Minnesota Hospital Association


July 20, 2011

Health and human services omnibus budget bill brings hardships for hospitals

Statement from Lawrence J. Massa, President and CEO, Minnesota Hospital Association

ST. PAUL, Minn. The Minnesota Hospital Association (MHA), which represents 145 Minnesota hospitals and their respective health systems, is disappointed that policymakers turned again to disproportionate cuts to our health care system, and to the patients we serve, to fill the state’s budget shortfall. These unrealistic and short-term savings will pose significant hardship for hospitals and health systems, and will jeopardize our ability to provide nation-leading care for our residents.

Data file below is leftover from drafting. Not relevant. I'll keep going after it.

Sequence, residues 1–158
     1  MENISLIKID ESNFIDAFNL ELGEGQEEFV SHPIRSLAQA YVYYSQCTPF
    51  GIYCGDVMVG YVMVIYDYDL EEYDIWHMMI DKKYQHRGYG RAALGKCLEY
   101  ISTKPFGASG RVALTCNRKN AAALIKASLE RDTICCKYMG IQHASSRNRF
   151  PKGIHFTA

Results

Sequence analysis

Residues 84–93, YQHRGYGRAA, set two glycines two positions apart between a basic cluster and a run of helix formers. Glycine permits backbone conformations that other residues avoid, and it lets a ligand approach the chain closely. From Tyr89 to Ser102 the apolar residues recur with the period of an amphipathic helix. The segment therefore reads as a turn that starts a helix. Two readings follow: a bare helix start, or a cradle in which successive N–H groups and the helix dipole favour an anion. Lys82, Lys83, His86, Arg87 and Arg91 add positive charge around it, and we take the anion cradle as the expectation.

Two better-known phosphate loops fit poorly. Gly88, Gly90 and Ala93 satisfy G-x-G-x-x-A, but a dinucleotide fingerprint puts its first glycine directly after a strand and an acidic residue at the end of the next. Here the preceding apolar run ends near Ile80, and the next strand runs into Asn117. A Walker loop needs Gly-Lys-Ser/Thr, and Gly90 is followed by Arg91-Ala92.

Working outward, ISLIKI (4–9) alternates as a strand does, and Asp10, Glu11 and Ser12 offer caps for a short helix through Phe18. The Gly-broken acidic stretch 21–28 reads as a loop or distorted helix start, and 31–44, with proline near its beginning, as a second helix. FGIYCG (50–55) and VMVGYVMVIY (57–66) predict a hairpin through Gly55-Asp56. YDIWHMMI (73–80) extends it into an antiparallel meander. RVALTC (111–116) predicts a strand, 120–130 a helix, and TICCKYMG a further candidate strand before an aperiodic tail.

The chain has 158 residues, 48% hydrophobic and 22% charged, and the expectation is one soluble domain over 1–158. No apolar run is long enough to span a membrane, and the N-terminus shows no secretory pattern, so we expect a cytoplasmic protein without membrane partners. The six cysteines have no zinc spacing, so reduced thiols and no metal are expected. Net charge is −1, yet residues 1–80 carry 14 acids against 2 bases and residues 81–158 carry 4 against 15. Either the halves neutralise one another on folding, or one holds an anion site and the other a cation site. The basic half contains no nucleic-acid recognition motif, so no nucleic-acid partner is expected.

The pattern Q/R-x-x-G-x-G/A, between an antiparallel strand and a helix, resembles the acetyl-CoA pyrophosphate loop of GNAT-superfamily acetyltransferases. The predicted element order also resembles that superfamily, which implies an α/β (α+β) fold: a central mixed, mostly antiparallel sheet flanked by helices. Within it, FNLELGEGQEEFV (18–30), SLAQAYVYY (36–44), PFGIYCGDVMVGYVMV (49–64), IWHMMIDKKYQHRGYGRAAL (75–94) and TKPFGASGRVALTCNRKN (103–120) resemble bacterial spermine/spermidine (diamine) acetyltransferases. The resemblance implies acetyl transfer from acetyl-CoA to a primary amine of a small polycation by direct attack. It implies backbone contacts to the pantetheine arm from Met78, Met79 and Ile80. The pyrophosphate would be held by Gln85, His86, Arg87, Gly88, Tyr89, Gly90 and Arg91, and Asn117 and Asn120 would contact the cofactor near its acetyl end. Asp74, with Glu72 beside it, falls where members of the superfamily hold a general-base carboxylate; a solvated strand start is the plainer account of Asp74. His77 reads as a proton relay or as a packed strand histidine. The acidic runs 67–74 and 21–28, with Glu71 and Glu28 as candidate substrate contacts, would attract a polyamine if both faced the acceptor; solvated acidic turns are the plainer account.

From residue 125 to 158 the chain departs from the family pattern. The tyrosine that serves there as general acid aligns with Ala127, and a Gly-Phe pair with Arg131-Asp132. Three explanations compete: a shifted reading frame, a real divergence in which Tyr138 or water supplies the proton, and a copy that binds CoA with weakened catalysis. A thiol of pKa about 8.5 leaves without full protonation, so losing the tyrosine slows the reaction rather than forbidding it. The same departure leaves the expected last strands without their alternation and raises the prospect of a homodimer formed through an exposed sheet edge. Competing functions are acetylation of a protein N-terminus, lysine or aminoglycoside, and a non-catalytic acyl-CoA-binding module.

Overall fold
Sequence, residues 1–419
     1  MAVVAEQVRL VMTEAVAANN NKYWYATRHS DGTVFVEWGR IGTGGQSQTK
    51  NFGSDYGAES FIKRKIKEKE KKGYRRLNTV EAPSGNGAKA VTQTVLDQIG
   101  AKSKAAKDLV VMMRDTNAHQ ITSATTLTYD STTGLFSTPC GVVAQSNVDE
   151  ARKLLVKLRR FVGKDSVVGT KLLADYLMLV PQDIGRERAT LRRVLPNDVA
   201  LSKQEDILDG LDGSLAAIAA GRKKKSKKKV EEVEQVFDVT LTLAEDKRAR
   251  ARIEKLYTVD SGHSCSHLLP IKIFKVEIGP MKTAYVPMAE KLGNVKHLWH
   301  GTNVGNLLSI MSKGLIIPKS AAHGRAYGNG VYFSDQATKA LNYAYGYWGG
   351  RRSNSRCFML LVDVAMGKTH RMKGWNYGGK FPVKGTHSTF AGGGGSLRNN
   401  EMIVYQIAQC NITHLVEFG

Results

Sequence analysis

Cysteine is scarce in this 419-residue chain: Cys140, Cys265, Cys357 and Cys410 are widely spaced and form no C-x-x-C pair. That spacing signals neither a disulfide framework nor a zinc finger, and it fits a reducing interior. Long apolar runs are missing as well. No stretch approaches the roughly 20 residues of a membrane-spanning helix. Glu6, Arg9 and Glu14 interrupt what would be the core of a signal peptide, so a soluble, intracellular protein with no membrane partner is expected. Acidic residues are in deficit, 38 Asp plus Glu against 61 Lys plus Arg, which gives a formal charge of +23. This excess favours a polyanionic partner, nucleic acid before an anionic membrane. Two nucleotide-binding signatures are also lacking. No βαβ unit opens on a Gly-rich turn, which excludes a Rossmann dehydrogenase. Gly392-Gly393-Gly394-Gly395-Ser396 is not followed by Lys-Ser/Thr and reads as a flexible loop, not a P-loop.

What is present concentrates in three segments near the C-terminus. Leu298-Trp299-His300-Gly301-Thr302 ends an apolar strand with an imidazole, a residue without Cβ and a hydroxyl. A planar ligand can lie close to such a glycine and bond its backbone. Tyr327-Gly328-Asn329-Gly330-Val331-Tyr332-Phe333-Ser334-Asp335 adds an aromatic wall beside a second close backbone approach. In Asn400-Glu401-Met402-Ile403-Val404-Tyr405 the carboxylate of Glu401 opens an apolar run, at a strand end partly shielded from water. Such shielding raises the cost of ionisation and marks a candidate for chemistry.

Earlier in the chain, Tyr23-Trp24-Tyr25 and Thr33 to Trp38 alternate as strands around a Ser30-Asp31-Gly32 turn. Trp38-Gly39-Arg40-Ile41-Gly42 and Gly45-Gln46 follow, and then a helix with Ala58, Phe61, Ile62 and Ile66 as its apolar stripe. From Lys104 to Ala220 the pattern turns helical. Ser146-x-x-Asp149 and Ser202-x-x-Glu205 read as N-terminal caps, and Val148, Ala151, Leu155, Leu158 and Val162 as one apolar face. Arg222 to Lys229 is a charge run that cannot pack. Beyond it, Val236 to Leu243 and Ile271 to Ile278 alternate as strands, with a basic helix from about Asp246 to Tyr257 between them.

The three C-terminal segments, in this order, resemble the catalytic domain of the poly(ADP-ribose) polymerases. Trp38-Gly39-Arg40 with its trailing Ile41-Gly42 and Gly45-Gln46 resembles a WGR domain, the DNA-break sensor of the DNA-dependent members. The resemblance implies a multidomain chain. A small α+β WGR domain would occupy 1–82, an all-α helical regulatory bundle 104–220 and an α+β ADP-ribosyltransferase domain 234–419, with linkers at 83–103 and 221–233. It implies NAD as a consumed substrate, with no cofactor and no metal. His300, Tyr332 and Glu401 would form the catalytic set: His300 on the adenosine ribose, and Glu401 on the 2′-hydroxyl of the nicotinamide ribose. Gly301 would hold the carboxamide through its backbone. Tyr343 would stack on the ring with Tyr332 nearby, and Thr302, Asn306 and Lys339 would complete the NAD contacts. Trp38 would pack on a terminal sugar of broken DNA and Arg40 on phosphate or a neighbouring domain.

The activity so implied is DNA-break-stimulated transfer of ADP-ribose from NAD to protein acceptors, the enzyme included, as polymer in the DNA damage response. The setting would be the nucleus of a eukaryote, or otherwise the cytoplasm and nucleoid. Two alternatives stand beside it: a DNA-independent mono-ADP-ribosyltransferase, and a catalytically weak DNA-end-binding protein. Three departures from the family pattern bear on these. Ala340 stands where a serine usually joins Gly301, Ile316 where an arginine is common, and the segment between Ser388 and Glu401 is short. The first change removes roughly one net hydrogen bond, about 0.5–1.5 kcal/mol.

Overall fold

The final budget bill passed by the Legislature in its one-day special session and signed by Gov. Mark Dayton this morning contains some positive provisions. In particular, MHA is relieved that early Medicaid enrollment remains a secure part of Minnesota’s public health programs.

MHA is also pleased that proposals in the Legislature’s previous budget bill — proposals that would have led to 140,000 Minnesotans joining the ranks of the uninsured — were abandoned and that drastic cuts to medical education funding were mitigated in the final bill.

MHA expects that Minnesota’s residents’ health will suffer when the omnibus bill’s cuts result in less access and availability to certain services, less investment in quality and efficiency improvements and less flexibility to train and recruit caregivers for the future. MHA will immediately begin preparing for the 2012 legislative session to improve the provisions in this year’s omnibus bill so that our residents can continue to receive the high-quality, low-cost care that they expect and deserve.